Yet, some of the other reports from The Field are as interesting. For instance also in 1948 an entry by G. Hamilton - Snowball recalls learning of the marozi prior to Dower's expedition. He even may have spotted a pair of these animals at an elevation of 11,500 feet along the Kinangop Plateau. These animals retreated prior to his being able to shoot one, but the natives with him where heard to be whispering the word marozi amongst themselves at the sight of these animals.

Still more reports where around prior to the first article by Dower. Colonel Richard Meinertzhagan had reportedly heard the name marozi prior to 1908. And Captain R.E. Dent, a game warden, reportedly spotted four of these animals at an elevation around 10,000 feet in 1931. And a specimen may have been killed in a trap during this time as well. Undeniably something was being seen in the Aberdare Mountains earlier this century. The question remains what was it that was being seen?

Theories as the origin have been mixed. The main ones have been that the marozi is a natural crossbreed of a leopard and a lion, that the animals seen where abhorrent specimens of lion, that the natives made up the stories to please the explorers, and that the animals seen are spotted due to tricks of light. It is possible that some of the explanations can account for some of the sightings and reports, but it is doubtful that they can explain all sightings away.

If these animals where deliberate hoaxes by the natives, then why would they whisper among themselves, probably unaware they where being overheard, that the animals seen where marozi. The classic example of this would be the report by G. Hamilton-Snowball, wherein the natives whispered the name while he was trying to get his rifle to shoot one. There was a single expedition, split into several smaller ones but encompassing one large expedition only, run by Kenneth Dower. In essence there was no financial gain to be made by creating this legendary animal, as no future expeditions ever searched for the animal.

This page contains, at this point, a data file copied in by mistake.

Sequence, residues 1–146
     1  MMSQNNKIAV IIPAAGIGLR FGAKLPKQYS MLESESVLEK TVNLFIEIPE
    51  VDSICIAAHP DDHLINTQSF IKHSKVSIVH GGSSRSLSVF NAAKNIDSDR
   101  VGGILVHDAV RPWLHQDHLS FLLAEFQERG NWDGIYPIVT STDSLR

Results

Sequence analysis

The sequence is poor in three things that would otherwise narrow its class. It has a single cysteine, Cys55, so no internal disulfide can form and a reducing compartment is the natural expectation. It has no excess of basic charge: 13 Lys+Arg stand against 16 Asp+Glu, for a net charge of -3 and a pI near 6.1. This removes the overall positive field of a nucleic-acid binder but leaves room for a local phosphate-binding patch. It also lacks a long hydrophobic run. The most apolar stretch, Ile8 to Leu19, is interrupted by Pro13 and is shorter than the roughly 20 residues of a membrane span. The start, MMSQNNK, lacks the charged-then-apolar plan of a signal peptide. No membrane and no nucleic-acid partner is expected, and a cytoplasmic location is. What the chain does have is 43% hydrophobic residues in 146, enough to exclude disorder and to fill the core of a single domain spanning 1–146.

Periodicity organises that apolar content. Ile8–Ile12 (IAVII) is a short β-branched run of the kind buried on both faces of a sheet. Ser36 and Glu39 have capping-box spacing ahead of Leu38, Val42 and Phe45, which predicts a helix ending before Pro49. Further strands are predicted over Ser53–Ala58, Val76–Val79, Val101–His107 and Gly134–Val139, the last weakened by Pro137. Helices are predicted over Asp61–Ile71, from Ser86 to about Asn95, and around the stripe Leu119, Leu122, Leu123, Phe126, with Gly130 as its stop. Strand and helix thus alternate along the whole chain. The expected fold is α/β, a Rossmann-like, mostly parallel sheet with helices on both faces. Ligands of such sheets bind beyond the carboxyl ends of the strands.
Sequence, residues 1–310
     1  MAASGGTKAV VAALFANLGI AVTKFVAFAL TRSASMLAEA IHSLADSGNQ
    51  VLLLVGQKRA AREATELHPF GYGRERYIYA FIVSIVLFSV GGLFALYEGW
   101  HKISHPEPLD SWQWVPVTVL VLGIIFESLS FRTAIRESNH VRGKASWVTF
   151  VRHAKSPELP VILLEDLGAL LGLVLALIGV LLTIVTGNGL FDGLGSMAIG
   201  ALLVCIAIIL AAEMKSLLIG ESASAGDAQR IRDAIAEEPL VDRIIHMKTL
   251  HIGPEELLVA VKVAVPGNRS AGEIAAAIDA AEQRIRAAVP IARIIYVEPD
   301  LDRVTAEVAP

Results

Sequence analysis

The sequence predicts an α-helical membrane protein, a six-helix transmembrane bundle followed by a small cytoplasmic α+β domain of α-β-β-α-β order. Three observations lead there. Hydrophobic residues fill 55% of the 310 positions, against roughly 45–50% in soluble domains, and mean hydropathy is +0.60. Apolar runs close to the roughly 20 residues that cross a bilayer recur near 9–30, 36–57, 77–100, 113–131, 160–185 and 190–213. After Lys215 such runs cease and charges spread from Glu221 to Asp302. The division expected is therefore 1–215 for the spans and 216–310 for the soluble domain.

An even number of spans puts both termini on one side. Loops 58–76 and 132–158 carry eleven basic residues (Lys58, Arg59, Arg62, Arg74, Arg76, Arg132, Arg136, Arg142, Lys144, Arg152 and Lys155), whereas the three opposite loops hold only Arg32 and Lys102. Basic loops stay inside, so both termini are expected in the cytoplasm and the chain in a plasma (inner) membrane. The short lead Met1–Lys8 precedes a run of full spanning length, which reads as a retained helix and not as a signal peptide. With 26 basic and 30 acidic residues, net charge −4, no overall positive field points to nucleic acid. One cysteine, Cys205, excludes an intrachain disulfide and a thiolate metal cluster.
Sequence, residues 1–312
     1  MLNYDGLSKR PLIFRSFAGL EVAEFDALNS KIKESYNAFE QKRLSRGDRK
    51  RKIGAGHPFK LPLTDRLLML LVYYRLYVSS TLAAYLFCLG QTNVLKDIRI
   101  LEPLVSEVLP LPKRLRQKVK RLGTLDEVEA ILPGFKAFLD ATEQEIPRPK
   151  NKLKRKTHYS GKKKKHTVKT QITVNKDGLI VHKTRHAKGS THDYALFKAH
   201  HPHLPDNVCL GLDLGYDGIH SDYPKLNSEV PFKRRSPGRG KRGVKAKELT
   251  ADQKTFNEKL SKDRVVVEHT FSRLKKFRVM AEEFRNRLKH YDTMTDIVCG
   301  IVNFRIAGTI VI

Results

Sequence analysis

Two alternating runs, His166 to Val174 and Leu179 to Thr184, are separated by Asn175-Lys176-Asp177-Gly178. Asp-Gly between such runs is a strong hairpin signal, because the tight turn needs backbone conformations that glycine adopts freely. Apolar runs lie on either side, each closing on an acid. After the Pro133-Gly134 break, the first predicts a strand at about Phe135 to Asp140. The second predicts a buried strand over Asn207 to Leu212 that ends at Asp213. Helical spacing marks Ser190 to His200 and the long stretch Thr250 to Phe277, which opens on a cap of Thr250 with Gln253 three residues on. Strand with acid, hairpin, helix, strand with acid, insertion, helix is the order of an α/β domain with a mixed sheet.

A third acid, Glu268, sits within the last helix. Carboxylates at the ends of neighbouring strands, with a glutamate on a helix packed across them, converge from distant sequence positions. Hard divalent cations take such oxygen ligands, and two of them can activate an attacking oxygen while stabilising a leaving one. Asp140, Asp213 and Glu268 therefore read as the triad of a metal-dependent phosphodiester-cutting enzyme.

Biologically speaking the hybrid theory also is flawed. Although crossbreeds to occur, they are in captivity and the offspring are traditionally sterile. In the wild a crossbreeding between species would be especially rare and unlikely, although genetically possible. The fact remains that species are isolated, and remain so due to behavioral differences and varied geographies that act as barriers to inhibit crossbreeding.

There are cases of leopons (lion and leopard mix) and other feline mixes, like ligers (lion and tiger mix). And these leopons do express the characteristics of the marozi, especially the intermediate size and spotting. But, thus far this phenomenon has only occurred in controlled environments and not in the wild. To have a population of leopons in the wild would require successful natural crossbreeding and then fertile offspring that mate and produce other fertile offspring. Each becomes statistically narrower in possibility as the reproductive cycle continues, in this case at least 40 years worth of reports and thus more than one generation of animals.